Dam-sgrags, which is the term cited as the term His Holiness has used, is translated as “restriction” in Goldstein’s Tibetan-English Dictionary of Modern Tibetan. In Bod-rgya tshig-mdzod chen-mo it is defined as ‘khrims-kyis ‘doms-pa’am do-dam btsan-po, which means a regulation or strong directive (made) by law.  It is clear from the Chinese translations in the dictionary and the examples of the usage of the term that it means a regulation restricting something, like a directive for a curfew regulating when or where you can and cannot go walking at night. This does not have the same connotation as a ban.

This brings us to a deeper look into this issue; namely, the second dictionary definition of the word “ban.”

Is there an ecclesiastical definition of the word “ban” that would apply to the statements made by the Dalai Lama?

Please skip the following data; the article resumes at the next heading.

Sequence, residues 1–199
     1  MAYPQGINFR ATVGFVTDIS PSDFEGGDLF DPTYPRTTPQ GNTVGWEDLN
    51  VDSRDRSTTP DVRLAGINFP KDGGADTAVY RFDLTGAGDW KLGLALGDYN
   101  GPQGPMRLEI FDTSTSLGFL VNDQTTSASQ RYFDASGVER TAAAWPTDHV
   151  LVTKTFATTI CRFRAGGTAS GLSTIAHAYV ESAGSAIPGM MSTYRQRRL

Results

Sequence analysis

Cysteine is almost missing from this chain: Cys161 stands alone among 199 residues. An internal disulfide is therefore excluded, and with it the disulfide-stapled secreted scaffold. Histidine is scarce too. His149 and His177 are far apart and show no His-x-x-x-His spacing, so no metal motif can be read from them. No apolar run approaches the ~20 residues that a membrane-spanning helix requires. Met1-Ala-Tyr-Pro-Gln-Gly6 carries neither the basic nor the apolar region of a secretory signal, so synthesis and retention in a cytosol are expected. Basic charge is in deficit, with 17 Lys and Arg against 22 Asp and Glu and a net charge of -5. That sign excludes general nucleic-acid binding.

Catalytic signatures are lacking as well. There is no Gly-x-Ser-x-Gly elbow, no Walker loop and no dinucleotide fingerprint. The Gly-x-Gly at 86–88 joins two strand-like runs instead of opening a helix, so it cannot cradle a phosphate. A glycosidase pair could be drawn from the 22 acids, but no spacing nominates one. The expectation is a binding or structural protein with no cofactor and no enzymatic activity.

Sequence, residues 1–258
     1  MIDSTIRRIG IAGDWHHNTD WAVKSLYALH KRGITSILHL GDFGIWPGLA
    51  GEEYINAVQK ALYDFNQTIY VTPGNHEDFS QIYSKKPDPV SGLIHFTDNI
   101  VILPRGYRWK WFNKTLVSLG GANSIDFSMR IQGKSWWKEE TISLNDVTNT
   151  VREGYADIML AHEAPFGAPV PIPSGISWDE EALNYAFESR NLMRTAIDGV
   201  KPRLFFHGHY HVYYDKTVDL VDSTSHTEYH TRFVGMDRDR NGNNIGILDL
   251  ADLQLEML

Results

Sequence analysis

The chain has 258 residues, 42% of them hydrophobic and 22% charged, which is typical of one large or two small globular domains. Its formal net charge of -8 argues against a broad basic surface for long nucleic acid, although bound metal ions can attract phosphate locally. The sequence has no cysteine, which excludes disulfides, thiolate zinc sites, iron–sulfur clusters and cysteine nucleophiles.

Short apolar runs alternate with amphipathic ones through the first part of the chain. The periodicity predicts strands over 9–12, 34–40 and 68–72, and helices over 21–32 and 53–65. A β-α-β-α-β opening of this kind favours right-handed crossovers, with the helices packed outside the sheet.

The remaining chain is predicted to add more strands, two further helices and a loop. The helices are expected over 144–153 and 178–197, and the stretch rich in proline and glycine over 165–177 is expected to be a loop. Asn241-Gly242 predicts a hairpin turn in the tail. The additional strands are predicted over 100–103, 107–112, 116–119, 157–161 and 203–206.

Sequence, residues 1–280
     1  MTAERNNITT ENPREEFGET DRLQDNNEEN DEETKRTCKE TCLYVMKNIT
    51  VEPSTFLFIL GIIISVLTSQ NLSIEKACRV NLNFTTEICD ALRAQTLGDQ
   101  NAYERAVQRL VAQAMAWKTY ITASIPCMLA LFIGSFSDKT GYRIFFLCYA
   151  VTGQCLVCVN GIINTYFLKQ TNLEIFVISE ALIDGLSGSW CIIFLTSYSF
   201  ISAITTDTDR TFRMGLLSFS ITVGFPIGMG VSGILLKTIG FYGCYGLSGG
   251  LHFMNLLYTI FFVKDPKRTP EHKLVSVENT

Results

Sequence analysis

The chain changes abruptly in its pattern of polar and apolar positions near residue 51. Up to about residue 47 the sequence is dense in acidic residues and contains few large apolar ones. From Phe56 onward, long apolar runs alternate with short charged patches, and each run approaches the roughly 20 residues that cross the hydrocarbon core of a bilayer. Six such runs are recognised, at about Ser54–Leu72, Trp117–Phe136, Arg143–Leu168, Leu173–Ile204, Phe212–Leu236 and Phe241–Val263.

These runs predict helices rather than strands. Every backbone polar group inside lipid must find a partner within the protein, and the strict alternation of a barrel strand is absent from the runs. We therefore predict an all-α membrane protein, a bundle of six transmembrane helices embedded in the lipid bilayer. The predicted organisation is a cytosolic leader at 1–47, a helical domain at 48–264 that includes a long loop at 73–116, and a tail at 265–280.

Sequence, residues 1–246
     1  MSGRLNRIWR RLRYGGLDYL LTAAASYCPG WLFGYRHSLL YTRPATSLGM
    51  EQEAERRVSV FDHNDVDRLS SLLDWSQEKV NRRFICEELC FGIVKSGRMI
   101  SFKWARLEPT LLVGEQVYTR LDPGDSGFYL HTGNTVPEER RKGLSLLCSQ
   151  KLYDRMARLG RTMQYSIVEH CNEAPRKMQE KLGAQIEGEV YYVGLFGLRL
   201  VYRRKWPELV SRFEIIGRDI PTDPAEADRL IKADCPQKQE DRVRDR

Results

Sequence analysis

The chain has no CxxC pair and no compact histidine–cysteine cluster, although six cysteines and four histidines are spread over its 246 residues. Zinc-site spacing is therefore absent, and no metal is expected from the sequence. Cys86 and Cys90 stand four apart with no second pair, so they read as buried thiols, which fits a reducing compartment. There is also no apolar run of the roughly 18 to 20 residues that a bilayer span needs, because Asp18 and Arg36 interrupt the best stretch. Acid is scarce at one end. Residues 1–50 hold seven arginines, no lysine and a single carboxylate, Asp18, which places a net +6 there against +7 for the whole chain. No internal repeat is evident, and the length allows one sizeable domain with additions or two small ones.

The second definition of the English word “ban” is this:


a. to pronounce an ecclesiastical curse upon
b. to curse; to execrate
c. a malediction; curse

Accordingly, the word “ecclesiastical” relates to Christianity, and by its very nature and original use, it meant that one who had been banned by the church was also summarily excommunicated. That was quite a drastic event to befall a true believer.

So, because an ecclesiastical curse is a malediction, and unmistakably Christian, to try to equate His Holiness’ considered evaluation of Dorje Shugden to a Christian edict is an oxymoron. It is absurd to think that the Dalai Lama, a Buddhist, could, or would, pronounce an ecclesiastical ban on other Buddhists because they practice Shugden. He does not have the authority to do so, nor does he have the authority to excommunicate them.